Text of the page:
40 VOCs were detected in >50% of air samples, whereas only 4 VOCs were detected in >50% of water samples. We observed indoor air concentrations >95th percentile of CHMS in 10–60% of samples for several compounds (acetone, 2-methyl-2-propanol, chloroform, 1,4-dioxane, hexanal, m/p-xylene, o-xylene, styrene, decamethylcyclopentasiloxane, dodecane and decanal). Indoor air levels of chloroform and tap water levels of total trihalomethanes were higher in Indigenous participants compared to non-Indigenous participants. Indoor air levels of chloroform and acetone, and tap water levels of total trihalomethanes were positively associated with UNG wells density/proximity metrics. Indoor air BTEX (benzene, toluene, ethylbenzene, xylenes) levels were positively correlated with some well density/proximity metrics.
Our results suggest higher exposure to certain VOCs in pregnant women living in an area of intense unconventional natural gas exploitation compared with the general Canadian population, and that well density/proximity is associated with increased exposure to certain VOCs.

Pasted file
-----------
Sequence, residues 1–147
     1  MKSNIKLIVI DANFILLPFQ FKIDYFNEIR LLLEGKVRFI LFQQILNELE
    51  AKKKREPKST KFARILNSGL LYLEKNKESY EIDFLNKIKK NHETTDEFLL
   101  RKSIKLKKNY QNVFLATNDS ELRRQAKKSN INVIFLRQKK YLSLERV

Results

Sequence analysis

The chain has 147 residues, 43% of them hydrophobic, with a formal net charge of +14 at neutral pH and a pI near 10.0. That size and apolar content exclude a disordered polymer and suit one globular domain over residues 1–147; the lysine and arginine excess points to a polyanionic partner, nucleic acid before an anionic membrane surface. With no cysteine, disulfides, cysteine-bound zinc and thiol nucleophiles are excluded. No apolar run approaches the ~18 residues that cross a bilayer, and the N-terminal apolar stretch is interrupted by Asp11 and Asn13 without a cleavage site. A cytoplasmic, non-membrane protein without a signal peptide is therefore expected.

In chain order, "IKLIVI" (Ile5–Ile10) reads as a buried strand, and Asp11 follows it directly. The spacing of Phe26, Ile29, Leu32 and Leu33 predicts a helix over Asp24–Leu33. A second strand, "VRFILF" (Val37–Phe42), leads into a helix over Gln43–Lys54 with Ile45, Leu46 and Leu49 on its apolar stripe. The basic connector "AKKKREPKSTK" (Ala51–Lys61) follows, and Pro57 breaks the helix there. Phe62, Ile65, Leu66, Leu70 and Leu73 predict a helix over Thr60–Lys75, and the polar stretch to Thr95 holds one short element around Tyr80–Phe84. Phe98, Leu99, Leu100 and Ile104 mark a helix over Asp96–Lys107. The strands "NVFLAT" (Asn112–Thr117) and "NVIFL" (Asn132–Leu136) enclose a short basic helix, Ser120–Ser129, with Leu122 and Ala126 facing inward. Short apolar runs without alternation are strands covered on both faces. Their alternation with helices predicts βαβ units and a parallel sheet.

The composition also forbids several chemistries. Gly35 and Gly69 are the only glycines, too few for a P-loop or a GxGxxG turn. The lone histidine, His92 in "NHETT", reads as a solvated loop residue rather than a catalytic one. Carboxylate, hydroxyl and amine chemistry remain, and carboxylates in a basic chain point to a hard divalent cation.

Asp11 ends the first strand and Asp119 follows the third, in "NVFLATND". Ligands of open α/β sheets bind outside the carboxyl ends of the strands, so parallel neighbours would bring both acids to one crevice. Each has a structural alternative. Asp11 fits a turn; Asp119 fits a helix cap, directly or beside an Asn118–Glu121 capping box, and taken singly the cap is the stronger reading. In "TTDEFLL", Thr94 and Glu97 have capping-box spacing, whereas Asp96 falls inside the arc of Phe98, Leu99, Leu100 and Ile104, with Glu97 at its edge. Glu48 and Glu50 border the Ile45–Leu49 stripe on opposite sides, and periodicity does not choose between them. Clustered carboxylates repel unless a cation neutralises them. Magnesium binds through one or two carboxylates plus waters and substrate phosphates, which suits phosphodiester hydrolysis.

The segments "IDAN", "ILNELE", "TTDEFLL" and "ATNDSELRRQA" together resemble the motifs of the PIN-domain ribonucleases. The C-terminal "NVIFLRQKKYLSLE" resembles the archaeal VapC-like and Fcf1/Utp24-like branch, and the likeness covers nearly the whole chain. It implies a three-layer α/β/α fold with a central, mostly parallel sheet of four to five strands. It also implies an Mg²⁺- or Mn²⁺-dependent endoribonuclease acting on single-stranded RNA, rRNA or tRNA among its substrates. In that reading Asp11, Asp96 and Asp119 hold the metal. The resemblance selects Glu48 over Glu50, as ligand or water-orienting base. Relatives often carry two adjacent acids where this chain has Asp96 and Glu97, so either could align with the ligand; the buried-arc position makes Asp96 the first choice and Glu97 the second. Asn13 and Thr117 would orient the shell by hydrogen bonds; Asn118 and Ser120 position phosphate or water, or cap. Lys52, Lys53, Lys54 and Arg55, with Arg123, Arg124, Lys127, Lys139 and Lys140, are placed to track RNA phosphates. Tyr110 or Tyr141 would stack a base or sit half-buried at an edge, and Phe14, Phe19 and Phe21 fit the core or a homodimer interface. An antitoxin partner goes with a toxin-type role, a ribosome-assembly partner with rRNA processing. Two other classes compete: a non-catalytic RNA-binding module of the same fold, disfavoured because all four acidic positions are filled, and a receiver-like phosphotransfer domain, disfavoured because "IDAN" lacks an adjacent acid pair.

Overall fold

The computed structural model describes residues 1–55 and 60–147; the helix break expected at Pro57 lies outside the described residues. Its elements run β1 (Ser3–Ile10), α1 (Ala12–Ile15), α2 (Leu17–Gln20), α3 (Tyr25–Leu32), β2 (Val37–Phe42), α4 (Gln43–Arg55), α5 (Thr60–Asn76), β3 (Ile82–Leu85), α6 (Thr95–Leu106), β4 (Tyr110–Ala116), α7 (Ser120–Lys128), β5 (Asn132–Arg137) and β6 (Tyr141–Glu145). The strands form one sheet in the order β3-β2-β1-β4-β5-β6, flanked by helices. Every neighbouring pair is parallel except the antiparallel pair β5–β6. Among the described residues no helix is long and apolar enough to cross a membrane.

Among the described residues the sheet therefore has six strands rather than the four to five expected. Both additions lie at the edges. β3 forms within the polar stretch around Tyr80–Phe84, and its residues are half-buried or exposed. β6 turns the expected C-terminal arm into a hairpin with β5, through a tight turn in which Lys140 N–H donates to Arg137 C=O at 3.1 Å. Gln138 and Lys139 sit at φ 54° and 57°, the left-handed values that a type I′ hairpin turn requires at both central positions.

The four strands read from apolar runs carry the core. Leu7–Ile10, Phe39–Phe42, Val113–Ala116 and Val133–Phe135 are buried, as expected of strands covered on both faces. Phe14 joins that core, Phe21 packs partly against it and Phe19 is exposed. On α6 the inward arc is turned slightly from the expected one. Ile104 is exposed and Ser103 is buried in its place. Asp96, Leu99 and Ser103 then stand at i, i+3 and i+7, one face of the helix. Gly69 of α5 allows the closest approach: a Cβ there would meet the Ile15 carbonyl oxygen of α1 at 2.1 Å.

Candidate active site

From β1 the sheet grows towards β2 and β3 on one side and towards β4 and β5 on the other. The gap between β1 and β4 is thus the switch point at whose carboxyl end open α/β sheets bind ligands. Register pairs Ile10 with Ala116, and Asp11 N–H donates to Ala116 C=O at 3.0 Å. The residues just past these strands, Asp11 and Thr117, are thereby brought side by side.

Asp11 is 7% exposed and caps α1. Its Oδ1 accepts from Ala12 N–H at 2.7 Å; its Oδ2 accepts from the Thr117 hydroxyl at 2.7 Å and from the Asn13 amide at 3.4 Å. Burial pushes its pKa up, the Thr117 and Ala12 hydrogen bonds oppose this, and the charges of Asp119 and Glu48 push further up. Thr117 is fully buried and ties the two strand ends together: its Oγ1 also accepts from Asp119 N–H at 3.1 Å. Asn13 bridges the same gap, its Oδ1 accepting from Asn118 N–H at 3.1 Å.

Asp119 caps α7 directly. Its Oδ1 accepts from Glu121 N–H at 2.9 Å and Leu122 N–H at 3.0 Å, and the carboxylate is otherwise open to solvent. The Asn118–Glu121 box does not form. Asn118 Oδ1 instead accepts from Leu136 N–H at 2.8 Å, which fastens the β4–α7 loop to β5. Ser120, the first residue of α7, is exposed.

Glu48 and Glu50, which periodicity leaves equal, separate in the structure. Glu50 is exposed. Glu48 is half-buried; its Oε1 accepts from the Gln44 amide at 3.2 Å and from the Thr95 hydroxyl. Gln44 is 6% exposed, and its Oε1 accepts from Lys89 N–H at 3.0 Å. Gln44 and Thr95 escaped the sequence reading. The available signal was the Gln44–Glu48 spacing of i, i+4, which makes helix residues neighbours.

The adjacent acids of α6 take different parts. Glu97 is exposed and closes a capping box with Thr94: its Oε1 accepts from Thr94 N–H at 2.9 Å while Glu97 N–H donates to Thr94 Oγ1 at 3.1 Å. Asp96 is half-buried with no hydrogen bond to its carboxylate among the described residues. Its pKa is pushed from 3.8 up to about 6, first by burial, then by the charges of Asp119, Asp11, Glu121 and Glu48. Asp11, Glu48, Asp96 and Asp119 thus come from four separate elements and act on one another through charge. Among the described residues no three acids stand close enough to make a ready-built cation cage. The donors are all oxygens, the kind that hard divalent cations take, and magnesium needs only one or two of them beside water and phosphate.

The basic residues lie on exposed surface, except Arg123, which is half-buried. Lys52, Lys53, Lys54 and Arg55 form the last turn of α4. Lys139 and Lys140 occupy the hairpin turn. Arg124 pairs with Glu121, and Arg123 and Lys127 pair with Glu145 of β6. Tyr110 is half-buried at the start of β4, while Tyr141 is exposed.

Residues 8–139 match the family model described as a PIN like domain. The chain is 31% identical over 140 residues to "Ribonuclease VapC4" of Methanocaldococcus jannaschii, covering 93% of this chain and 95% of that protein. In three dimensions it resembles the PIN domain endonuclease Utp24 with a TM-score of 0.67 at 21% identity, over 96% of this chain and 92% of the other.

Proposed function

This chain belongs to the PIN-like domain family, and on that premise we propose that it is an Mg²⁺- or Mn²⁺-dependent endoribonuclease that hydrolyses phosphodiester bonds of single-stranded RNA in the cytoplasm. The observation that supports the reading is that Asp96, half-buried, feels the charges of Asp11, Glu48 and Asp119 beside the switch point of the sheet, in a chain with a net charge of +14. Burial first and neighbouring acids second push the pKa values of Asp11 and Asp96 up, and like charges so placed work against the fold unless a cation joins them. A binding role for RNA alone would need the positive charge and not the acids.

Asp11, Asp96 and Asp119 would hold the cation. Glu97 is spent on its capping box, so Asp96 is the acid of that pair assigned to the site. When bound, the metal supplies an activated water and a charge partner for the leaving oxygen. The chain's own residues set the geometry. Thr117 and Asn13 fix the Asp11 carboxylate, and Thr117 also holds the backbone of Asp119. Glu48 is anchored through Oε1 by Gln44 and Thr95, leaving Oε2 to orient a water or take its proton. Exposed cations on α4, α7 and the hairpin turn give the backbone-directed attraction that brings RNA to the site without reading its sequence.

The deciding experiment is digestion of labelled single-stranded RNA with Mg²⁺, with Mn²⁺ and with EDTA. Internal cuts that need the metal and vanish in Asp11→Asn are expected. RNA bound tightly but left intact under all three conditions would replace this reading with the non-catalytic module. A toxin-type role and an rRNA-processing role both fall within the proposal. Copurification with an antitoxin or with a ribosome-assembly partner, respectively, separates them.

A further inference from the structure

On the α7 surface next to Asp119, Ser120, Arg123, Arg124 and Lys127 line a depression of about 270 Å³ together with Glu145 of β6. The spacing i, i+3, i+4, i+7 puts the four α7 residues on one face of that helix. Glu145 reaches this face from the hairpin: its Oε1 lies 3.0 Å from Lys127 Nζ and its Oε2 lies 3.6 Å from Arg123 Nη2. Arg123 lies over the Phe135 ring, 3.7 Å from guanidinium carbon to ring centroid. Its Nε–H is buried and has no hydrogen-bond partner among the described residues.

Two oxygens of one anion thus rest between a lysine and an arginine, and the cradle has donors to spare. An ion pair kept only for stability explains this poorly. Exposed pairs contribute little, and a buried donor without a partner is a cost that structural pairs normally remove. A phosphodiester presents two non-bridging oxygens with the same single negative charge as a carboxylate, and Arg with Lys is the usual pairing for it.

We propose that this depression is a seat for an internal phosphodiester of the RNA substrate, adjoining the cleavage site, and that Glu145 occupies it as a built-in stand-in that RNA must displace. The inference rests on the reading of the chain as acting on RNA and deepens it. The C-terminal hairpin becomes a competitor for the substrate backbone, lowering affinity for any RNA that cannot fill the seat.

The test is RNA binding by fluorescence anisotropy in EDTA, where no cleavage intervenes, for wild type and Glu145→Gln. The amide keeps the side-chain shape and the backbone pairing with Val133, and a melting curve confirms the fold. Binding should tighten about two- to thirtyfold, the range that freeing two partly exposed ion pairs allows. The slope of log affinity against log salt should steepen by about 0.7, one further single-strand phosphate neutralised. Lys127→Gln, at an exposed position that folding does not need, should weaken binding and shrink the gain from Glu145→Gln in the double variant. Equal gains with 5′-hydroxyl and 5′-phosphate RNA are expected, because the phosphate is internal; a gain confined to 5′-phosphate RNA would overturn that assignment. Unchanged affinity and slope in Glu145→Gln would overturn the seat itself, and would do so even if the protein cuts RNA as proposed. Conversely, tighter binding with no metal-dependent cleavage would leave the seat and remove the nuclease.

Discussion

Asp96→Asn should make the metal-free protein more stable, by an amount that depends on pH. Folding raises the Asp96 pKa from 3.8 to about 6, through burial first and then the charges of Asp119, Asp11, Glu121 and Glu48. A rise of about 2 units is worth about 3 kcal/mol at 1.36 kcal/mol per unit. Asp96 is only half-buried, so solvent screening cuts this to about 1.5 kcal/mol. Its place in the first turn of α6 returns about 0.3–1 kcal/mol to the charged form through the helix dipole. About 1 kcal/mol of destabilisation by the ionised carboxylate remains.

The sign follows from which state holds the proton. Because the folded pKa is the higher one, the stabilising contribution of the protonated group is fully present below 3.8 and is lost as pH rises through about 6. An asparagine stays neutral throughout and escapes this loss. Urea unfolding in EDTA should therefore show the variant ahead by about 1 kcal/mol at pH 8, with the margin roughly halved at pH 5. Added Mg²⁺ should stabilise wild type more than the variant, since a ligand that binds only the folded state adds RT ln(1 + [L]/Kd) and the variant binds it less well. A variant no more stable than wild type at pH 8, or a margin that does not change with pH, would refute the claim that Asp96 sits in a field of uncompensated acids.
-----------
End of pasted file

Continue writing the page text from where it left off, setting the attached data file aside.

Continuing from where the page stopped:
Higher levels of organic pollutants found in homes located near natural gas wells: U of T study by Don Campbell, Sept 23, 2021, University of Toronto
A University of Toronto study has found that those living close to natural gas wells are exposed to higher levels of certain organic pollutants in their homes.
The study looked at levels of volatile organic compounds (VOCs) found in the air and drinking water in homes of pregnant women living in a region of northeastern British Columbia.
“There’s very little research about indoor air quality in regions with a lot of unconventional natural gas exploitation,” says Élyse Caron-Beaudoin, an assistant professor in the department of health and society at U of T Scarborough and lead author of the study.
For the study, 85 pregnant women from the Peace River region were recruited and passive air samplers were placed in their homes. Water samples were also taken from their kitchen taps. Researchers found that 40 out of the 47 VOCs tested for were detected in air samples, while three out of 40 VOCs tested for were detected in water samples.